Is it possible to disable a HDMI or VGA port in the registry? Or, how else can I disable one of the display ports?
Windows 7 Enterprise SP1 on a Dell Latitude E6530. Dell BIOS version A15, i.e. the latest - I can't find any setting in the BIOS to disable HDMI. Display adapter is Intel HD Graphics 4000 - can't find any setting in the Control Panel for that device, either. The ports themselves don't appear in Device Manager as separate devices - only the display adapter appears.
Background: I'm trying to help a colleague with a sight impairment who uses the accessibility software ZoomText 10 (http://www.aisquared.com/zoomtext/). The software ran without any problems on his previous laptop, a Dell Latitude E6410 which used the display adapter Intel HD Graphics 3000 (and which had no HDMI port, only the VGA). However, that's a work laptop which has reached end-of-lease and has to be returned. The above specs are for the replacement laptop, which runs the later display adapter.
The problem comes when trying to run ZoomText with dual monitors. Dual monitors in Windows works fine; with an external monitor connected, Windows extends the desktop as expected. If I then activate dual monitors in ZoomText, the software flips up a big "2" on the secondary monitor and gets me to confirm that the secondary monitor has been detected correctly. Then I get the message "ZoomText was unable to activate the extended desktop on your system. Your video hardware may not support two display devices."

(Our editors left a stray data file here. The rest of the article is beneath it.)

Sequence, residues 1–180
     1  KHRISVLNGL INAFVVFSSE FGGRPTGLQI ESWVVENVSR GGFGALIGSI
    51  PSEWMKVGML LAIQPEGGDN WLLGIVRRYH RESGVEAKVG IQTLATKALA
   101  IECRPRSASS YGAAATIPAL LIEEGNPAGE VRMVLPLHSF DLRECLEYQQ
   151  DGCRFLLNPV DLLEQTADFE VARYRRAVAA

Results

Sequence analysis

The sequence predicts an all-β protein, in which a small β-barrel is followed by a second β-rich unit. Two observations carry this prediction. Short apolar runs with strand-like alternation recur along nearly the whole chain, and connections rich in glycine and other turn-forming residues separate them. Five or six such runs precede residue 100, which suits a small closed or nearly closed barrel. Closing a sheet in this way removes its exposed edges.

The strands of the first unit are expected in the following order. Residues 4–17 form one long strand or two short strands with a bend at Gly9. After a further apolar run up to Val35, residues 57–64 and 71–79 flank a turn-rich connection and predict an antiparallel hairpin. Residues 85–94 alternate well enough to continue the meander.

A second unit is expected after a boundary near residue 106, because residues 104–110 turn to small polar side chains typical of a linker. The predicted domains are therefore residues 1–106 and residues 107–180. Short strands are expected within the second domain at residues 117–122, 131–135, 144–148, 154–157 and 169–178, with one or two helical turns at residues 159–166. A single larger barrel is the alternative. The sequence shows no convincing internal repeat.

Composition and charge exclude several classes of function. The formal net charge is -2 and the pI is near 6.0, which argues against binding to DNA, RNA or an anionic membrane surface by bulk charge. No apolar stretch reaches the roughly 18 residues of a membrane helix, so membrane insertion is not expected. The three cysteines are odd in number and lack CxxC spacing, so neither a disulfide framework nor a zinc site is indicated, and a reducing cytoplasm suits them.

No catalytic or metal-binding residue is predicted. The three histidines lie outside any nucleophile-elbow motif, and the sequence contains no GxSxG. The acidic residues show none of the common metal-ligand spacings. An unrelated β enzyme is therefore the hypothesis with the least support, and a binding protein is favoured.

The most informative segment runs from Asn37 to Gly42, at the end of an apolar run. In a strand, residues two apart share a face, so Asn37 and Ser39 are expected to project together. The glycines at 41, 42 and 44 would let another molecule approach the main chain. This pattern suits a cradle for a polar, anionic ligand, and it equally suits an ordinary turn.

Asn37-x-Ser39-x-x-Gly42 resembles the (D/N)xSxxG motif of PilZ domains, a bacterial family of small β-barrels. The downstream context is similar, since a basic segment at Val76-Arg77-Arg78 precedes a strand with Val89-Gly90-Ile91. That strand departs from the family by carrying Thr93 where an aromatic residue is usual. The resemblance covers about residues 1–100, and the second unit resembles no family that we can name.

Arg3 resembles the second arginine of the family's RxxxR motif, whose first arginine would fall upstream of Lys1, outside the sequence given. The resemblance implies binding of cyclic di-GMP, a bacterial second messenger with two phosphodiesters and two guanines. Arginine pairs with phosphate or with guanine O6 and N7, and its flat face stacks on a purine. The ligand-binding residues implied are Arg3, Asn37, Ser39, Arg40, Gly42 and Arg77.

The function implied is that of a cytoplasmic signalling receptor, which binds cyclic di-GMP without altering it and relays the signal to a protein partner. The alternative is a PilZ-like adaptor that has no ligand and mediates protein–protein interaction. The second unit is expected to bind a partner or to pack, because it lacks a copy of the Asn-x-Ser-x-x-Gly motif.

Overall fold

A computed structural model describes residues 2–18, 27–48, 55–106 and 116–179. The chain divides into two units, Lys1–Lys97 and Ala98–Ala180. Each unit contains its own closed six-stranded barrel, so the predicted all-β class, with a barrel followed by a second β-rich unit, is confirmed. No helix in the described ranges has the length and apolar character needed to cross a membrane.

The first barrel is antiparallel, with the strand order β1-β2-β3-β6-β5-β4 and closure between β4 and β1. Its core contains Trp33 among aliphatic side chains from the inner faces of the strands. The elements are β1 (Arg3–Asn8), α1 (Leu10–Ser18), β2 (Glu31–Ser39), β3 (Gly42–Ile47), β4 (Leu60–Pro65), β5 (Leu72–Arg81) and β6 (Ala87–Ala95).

The problem seems to be that ZoomText detects both the VGA port and the HDMI port as separate monitors, even when there are no monitors connected. (The list of "Secondary Display Devices" contains the entries "2. Intel(R) HD Graphics 4000" and "3. Intel(R) HD Graphics 4000", no matter whether an external monitor is connected or not.) ZoomText doesn't support 3 or more monitors.
We've tried the official support for the software, but they're not much use - presumably haven't encountered this problem before and prefer to lose a user who's already paid for the license than to lose the time in troubleshooting. The other obvious option is alternative accessibility software, but the user already owns an expensive license for this one so I want to have a serious try at making it work before I advise him to try something new. I might or might not be able to open up the laptop and disconnect one of the ports on the motherboard, but as that's going to void a warranty I'd prefer to exhaust the software and OS options first.
Happy to hear any other suggestions for ways to approach this.